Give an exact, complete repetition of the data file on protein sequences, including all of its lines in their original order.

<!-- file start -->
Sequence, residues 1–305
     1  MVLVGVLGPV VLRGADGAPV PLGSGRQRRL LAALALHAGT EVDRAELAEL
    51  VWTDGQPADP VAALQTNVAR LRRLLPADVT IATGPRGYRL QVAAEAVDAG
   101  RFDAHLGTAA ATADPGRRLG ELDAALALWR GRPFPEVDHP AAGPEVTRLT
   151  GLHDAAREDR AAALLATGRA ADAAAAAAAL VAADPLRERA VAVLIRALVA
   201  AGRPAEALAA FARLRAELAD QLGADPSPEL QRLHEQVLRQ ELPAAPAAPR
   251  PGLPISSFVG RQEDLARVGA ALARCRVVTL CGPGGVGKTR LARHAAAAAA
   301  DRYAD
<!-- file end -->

Sequence, residues 1–305
     1  MVLVGVLGPV VLRGADGAPV PLGSGRQRRL LAALALHAGT EVDRAELAEL
    51  VWTDGQPADP VAALQTNVAR LRRLLPADVT IATGPRGYRL QVAAEAVDAG
   101  RFDAHLGTAA ATADPGRRLG ELDAALALWR GRPFPEVDHP AAGPEVTRLT
   151  GLHDAAREDR AAALLATGRA ADAAAAAAAL VAADPLRERA VAVLIRALVA
   201  AGRPAEALAA FARLRAELAD QLGADPSPEL QRLHEQVLRQ ELPAAPAAPR
   251  PGLPISSFVG RQEDLARVGA ALARCRVVTL CGPGGVGKTR LARHAAAAAA
   301  DRYAD